As well as searching overview essays, there are
– sociolinguistic contributions on the linguistic geography of ‘criollo’ in Spanish America, the Limonese creole speakers of Costa Rica, ‘creole’ language and identity in the Netherlands Antilles and the affinities between Papiamentu and Chinese in Curaçao
– ethnohistorical examinations of such topics as creole transgression in the Dominican/Haitian borderland, the Haitian Mandingo and African fundamentalism, creolization and identity in West-Central Jamaica, Afro-Nicaraguans and national identity, and the Creole heritage of Haiti
– studies of religion and folk culture, including voodoo and creolization in New York City, the creolization of the “Mami Wata” water spirit, and signifyin(g) processes in New World Anancy tales
– a group of essays focusing on the thought of Édouard Glissant, Maryse Condé, and the Créolité writers
and case-studies of artistic expression, including creole identities in Caribbean women’s writing, Port-au-Prince in the Haitian novel, Cynthia McLeod and Astrid Roemer and Surinamese fiction, Afro-Cuban artistic expression, and metacreolization in the fiction of Robert Antoni and Nalo Hopkinson.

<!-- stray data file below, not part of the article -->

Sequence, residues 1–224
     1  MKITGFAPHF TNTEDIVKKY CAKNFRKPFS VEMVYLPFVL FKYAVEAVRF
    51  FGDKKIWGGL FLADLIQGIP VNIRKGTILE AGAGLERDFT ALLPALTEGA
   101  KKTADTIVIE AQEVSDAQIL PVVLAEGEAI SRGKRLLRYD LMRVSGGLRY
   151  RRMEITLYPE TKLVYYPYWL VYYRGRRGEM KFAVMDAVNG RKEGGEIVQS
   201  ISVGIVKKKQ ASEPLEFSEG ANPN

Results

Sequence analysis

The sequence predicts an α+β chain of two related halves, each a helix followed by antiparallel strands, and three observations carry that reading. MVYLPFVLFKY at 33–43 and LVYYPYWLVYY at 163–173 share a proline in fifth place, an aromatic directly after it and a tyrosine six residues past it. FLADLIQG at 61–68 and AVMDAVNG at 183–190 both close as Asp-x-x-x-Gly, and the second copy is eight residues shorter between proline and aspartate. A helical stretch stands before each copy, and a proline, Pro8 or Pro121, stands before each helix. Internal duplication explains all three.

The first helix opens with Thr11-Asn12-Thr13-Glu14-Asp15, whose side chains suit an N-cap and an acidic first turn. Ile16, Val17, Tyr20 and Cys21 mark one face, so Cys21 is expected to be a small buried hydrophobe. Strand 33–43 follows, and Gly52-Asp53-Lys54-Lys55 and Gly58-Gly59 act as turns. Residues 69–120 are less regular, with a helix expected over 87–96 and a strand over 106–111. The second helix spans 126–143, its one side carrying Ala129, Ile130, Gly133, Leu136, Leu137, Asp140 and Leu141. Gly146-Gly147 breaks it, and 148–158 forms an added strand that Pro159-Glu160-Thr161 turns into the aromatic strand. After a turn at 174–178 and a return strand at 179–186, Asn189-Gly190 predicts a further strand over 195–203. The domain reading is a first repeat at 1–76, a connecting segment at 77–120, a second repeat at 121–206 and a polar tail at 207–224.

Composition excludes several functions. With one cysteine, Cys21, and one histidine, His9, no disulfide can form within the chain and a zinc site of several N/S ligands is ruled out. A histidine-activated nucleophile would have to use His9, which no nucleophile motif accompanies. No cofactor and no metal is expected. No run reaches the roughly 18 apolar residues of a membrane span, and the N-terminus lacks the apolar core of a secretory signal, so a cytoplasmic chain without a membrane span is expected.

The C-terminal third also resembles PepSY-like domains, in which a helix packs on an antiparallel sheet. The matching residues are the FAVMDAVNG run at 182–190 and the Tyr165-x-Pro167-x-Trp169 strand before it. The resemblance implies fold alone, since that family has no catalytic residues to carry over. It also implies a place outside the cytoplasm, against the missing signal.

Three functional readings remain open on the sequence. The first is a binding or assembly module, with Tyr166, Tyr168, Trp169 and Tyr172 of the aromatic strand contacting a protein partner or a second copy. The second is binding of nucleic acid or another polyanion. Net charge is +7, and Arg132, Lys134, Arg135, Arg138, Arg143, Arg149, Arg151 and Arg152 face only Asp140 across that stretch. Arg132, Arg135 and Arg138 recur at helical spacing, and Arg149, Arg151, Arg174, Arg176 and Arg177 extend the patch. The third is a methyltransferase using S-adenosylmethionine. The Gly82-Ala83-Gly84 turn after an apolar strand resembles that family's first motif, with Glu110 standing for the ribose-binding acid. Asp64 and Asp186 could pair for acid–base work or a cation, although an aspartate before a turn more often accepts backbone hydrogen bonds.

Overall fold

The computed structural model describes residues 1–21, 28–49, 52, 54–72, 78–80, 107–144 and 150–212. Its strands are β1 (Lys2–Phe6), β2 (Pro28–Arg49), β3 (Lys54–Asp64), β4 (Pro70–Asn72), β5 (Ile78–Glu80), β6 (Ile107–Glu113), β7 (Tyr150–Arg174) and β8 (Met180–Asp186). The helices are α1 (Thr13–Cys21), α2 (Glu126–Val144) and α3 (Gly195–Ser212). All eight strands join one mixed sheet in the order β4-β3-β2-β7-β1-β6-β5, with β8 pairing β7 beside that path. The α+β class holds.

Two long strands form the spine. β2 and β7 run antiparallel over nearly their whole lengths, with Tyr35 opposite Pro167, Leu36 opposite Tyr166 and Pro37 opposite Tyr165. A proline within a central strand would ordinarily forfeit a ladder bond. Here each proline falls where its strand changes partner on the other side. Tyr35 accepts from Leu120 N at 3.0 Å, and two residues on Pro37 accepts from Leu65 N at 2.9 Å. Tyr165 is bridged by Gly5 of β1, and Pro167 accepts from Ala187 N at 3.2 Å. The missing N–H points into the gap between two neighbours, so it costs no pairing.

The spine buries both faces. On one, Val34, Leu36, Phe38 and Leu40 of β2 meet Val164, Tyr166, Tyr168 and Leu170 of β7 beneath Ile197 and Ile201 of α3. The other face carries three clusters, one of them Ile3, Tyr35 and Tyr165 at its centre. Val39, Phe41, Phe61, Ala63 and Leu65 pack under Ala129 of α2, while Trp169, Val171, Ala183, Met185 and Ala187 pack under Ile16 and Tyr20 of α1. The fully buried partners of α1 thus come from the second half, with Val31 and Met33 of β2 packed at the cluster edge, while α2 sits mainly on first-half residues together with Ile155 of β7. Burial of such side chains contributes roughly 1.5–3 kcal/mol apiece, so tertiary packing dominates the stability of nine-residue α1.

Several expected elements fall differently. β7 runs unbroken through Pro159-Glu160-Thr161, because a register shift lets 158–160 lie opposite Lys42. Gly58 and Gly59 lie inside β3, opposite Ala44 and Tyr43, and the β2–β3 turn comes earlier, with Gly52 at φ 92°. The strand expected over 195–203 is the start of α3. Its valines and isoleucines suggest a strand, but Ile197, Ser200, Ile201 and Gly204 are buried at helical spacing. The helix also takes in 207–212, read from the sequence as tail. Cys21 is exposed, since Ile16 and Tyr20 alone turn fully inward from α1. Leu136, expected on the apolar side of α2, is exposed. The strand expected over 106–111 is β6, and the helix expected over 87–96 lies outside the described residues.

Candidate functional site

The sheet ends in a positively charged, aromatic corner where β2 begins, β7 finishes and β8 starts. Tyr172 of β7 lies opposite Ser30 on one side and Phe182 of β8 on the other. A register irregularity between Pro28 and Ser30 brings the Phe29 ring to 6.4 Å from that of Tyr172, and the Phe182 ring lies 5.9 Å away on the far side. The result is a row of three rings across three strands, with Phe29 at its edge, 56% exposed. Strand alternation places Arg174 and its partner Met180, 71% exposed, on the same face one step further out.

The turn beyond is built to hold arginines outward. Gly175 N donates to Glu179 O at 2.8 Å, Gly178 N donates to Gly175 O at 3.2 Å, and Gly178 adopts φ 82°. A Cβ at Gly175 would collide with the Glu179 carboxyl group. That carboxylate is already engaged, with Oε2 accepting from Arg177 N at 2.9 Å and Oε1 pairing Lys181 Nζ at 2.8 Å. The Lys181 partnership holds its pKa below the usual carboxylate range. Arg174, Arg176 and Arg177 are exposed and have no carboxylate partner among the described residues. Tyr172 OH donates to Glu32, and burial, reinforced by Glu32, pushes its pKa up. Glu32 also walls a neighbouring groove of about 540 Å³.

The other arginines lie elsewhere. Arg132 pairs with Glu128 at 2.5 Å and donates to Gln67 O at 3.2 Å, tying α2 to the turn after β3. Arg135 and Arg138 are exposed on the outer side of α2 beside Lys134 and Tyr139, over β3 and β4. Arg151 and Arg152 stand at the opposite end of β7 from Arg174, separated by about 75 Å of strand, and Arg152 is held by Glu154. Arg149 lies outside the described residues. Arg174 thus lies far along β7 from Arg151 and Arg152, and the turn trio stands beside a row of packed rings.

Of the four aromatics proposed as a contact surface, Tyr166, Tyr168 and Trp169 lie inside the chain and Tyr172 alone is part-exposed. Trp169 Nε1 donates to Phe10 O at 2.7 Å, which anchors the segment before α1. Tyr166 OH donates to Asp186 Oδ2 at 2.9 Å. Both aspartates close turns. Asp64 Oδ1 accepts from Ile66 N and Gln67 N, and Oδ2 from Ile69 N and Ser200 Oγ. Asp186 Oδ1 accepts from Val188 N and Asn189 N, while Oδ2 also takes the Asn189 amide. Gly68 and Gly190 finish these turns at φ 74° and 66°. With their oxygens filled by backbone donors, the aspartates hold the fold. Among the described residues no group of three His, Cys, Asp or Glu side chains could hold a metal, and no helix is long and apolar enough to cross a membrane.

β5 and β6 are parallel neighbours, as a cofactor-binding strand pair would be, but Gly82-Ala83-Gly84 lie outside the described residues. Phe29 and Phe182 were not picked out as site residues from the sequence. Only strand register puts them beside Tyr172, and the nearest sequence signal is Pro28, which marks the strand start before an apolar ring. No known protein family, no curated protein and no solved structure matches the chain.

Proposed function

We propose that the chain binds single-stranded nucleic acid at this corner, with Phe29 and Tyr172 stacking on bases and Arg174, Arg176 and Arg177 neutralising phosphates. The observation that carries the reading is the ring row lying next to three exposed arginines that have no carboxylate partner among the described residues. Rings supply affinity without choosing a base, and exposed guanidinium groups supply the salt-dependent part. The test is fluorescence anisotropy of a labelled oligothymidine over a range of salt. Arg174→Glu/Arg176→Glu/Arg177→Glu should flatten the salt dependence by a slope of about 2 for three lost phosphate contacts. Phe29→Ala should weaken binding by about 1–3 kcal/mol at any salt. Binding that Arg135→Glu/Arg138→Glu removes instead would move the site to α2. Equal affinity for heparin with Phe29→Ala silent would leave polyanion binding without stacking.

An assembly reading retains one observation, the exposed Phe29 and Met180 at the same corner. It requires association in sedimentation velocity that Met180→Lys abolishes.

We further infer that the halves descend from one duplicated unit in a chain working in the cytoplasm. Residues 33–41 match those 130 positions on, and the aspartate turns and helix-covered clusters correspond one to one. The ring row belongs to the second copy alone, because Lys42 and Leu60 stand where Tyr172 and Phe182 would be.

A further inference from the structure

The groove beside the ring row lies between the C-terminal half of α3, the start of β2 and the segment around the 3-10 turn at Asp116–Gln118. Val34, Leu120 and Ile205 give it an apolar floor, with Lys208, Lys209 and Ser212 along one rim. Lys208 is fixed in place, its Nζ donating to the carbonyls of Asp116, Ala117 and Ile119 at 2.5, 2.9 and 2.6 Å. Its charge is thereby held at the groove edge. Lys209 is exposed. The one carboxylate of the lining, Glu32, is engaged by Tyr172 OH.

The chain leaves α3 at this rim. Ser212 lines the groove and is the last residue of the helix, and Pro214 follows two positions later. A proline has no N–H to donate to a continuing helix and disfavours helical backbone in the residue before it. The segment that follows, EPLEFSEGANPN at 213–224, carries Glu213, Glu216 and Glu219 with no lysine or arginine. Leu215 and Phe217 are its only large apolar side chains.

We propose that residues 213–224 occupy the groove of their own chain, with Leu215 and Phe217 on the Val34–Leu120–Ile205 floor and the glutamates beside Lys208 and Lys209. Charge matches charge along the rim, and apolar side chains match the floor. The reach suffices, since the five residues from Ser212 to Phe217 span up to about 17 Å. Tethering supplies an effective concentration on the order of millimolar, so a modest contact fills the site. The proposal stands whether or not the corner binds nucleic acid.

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Mónica Jato

llegan muchos de los escritores y escritoras de esta generación entablan un interesante paralelismo con la crítica a la definición de identidad que Paul Gilroy realiza en The Black Atlantic (1993) en relación a la diáspora africana: “Marked by its European origins, modern black political culture has

Series:

Nicolás Bas Martín

booksellers, as the protagonists of the book trade, knew this well, and did what they could to deal with adversity. But what was the prevalent image of Spain in eighteenth-century Britain (and particularly in the highly populated capital, London)? The usual stereotypes were of course in force, and the Black

Series:

Nicolás Bas Martín and Andy Birch

booksellers, as the protagonists of the book trade, knew this well, and did what they could to deal with adversity. But what was the prevalent image of Spain in eighteenth-century Britain (and particularly in the highly populated capital, London)? The usual stereotypes were of course in force, and the Black